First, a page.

Truck safety, mobile phones and disabled parking misuse on the agenda at TISPOL Operational Group meeting in Germany

Published Mon, 19/03/2018 - 08:32

Members of TISPOL's Operational Group (the 'OPG') met in Germany recently, and discussed the following topics:

Plans for Project EDWARD were launched at the meeting.  This year EDWARD is on 19 September and a high-level event on that day will take place in Madrid.  Building on the last two years a series of events will take place in each member country in a combined effort to reduce the number of fatalities on the roads of Europe.

The group discussed Operation Trivium allowing the sharing of intelligence across borders in order to deal with both traffic legislation but also the prevention and detection of crime.  The operation will take place later this year with several countries taking part.

Marijke Eskes from the Netherlands  said that a working group had been set up to look at minimum standards for trucks and buses so that all agencies have a clear understanding on how to approach different issues  For example drivers hours - should a driver be allowed to continue if found to be in breach plus many other areas.  Marijke will represent TISPOL on the group

Keiran O'Connor from Ireland gave a presentation on 'Operation Enable' focussing on the misuse of the disabled 'blue badge' parking scheme. The operation discovered a wide range of breaches of the scheme which resulted in prosecutions and was very effective.  The Operations Group agreed that they would support a campaign on 3 December 2018 which is the International Day of Persons with Disabilities.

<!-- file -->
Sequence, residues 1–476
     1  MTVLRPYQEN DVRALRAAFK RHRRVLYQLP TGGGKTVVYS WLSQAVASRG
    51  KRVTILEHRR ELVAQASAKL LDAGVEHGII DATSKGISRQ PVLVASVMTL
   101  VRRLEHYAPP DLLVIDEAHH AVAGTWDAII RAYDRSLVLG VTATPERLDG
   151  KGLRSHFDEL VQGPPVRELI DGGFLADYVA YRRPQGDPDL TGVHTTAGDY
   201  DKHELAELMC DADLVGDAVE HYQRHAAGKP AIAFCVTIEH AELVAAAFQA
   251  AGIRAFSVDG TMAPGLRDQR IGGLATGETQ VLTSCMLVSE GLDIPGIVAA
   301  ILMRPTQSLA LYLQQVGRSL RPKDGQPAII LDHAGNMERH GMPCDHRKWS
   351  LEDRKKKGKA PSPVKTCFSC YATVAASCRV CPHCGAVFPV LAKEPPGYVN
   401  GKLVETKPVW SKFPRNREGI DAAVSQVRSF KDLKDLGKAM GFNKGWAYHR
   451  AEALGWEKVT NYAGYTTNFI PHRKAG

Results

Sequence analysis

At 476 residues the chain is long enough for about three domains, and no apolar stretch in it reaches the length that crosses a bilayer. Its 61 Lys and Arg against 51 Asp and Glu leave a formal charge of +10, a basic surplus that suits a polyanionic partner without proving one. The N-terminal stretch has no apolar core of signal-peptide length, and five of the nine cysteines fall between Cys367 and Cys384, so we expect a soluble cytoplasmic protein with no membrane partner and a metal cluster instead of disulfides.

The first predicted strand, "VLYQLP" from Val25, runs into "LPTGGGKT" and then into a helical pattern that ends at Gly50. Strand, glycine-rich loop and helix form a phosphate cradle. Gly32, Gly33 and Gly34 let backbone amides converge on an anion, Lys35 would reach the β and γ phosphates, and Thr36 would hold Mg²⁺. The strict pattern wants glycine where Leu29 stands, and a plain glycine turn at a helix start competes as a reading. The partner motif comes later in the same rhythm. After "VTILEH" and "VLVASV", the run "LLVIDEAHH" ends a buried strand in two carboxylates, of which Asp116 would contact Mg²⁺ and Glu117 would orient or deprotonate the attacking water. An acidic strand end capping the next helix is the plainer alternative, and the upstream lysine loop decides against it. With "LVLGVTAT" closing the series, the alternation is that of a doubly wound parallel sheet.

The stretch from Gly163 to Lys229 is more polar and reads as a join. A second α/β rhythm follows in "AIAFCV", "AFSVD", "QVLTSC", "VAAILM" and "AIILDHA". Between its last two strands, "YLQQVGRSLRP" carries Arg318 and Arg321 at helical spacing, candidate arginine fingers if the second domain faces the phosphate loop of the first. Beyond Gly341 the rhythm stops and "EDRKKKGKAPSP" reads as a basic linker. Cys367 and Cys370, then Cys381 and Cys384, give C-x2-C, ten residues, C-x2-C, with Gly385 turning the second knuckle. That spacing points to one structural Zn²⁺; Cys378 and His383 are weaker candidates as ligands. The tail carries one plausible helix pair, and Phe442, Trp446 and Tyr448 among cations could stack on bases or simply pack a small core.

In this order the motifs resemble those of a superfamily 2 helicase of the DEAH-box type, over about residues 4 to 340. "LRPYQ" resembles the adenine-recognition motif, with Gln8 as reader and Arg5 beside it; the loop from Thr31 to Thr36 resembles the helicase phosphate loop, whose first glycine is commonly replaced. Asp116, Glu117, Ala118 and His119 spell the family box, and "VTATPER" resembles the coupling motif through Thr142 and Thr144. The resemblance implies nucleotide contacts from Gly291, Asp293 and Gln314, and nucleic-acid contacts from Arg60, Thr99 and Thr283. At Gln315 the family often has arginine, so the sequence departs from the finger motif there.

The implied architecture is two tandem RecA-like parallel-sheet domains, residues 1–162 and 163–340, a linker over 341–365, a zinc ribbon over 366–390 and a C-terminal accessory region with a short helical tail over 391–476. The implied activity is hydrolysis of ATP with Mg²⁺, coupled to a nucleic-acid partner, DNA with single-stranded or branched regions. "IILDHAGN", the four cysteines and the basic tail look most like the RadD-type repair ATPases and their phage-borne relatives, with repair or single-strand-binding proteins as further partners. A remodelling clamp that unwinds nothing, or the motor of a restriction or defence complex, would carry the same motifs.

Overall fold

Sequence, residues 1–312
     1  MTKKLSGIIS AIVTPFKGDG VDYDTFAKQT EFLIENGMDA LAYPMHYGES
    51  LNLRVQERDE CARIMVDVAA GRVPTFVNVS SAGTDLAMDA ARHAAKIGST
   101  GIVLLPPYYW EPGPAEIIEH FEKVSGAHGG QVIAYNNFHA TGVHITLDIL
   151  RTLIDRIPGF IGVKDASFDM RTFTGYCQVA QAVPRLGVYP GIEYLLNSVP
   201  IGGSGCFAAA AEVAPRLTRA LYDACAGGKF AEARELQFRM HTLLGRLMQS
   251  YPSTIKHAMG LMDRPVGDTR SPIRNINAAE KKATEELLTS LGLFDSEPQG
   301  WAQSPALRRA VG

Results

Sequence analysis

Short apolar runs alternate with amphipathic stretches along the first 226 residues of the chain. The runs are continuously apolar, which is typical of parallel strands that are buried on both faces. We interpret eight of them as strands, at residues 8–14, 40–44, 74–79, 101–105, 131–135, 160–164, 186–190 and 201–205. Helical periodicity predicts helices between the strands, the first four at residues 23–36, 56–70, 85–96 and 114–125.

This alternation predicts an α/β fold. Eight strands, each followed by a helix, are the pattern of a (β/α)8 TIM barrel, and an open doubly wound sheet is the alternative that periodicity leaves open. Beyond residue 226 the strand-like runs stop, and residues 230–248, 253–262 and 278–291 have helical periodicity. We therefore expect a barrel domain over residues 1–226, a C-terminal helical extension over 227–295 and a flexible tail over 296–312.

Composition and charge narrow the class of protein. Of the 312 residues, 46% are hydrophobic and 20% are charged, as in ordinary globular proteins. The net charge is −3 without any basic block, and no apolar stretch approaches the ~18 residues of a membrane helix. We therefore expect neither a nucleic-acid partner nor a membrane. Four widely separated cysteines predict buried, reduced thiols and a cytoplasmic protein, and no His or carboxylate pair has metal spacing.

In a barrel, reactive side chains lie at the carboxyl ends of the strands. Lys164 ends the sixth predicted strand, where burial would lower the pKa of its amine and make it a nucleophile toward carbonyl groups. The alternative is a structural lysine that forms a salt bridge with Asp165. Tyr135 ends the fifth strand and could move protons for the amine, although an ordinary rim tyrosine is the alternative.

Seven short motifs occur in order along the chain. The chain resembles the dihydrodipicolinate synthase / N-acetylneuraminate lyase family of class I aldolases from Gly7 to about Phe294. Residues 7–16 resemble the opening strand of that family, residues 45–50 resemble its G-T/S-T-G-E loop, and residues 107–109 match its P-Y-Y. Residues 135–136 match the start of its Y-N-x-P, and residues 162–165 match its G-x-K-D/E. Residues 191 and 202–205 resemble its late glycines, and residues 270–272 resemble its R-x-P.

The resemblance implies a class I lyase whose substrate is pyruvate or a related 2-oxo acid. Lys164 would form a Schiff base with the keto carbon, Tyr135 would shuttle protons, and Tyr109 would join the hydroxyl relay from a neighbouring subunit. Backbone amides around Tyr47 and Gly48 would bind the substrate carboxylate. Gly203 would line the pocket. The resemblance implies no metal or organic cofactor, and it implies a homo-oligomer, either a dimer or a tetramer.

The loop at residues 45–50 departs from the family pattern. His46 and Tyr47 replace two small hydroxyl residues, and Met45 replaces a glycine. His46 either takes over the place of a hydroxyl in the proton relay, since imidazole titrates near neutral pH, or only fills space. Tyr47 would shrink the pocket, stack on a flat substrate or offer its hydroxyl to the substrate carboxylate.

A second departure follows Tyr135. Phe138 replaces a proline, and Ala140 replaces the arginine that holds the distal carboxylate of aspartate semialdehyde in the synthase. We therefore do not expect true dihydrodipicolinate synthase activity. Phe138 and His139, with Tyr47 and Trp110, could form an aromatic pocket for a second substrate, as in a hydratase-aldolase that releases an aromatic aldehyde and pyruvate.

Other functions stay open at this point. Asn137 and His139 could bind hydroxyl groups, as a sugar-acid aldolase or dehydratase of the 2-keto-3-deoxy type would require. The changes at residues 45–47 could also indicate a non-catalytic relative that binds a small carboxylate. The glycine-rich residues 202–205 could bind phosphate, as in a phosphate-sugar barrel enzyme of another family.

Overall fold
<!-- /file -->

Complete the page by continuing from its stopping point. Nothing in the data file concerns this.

The misuse of mobile phones was further highlighted in a presentation by Sanja Veic from Croatia who held an event titled 'a day without mobile phones' with Croatian security members leading the campaign during which drivers, pedestrians and cyclists were targetted and asked to sign a pledge to comply with legislation and the appropriate use.

Fabio Levzzi from Italy gave a presentation about reseach he is conducting around both vehicle and ANPR data which can be used across four key elements crash, crime, congestion and highway protection.  His reseach paper will be published in April showing how such data can help direct the Italian Traffic Police.